This week in Talk Nerdy to Me we’re going to look at what cards have been the read the most this semester. This will give us a good idea of how reading habits change as the semester progresses.
“A Rose for Emily” quite literally jumps out. It has almost four times as many views as the second most read text! While it might just be Faulkner’s high quality writing, I think it’s safe to assume that because it was the first piece of literature for the semester, everyone wanted to make sure they’d really gotten a handle on it. Hawthorne’s “Young Goodman Brown” is next, and it got roughly four times as many views as the texts in the bottom of the top ten. “Oh, to Be a Blobel!” rounds out the top three and the literary texts in our data set today—and is also far ahead of anything below it.
Tied with the top three in terms of genre, the 4th, 5th, and 7th place texts are all session introductions. It should not be surprising that some of the most read texts are the first ones you have to open—and that also indicates that most of you are reading the sessions linearly, which also isn’t surprising. However, they’re clearly less read than the top three—and that also isn’t terribly surprising, since the real meat of the week comes later.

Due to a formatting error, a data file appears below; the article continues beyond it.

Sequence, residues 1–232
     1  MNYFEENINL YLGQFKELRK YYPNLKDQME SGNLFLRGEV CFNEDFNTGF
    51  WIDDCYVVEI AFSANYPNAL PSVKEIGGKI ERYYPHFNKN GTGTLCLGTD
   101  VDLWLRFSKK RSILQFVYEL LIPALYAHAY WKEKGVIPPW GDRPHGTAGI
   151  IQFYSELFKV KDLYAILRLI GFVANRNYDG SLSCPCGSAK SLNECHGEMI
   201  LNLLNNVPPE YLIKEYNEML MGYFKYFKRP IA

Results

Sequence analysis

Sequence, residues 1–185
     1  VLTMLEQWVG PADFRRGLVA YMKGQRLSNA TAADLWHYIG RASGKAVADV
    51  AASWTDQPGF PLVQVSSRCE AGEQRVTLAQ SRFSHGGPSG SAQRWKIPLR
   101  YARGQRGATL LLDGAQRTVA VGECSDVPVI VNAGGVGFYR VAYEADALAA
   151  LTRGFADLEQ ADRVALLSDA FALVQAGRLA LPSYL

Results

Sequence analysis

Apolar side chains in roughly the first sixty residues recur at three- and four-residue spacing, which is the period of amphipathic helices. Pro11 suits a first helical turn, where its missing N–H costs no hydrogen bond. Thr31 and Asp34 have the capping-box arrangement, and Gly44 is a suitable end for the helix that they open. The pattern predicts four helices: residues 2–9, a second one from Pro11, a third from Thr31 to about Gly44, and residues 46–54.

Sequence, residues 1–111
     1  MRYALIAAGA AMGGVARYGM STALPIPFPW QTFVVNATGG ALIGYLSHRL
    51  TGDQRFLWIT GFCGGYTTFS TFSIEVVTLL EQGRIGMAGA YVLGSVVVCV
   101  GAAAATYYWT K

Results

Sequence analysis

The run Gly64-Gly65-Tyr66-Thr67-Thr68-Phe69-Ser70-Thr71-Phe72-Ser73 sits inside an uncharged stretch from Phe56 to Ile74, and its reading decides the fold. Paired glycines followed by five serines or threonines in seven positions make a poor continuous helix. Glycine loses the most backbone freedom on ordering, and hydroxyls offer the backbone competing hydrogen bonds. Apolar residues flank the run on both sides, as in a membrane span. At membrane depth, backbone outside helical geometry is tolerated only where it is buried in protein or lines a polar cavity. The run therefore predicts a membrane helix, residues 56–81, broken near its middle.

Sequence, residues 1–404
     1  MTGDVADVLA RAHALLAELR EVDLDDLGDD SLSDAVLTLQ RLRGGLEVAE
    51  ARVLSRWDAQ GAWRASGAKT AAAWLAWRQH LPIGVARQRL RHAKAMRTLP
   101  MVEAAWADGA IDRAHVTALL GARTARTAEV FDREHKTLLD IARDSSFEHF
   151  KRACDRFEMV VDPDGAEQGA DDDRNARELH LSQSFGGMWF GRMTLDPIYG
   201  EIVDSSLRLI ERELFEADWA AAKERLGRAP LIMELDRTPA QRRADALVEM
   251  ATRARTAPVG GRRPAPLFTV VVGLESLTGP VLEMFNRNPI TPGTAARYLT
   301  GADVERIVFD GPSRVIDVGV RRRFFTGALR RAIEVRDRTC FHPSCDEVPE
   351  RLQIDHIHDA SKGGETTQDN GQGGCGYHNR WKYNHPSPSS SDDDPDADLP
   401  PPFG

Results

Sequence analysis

Then we have our four oddballs: two theory texts, a methodological one, and the reading and study questions for one week. This could represent a couple of things: firstly, that there’s more of an even distribution of views after the top three, which seems to be implied by the flattening of the bottom half of the graph, and so these are just a random selection of texts from SHRIMP; or secondly, that you all aren’t coming back to read over later texts as much, for any number of reasons ranging from taking better notes to having less time as the semester draws on. Most likely, it’s a little bit of both.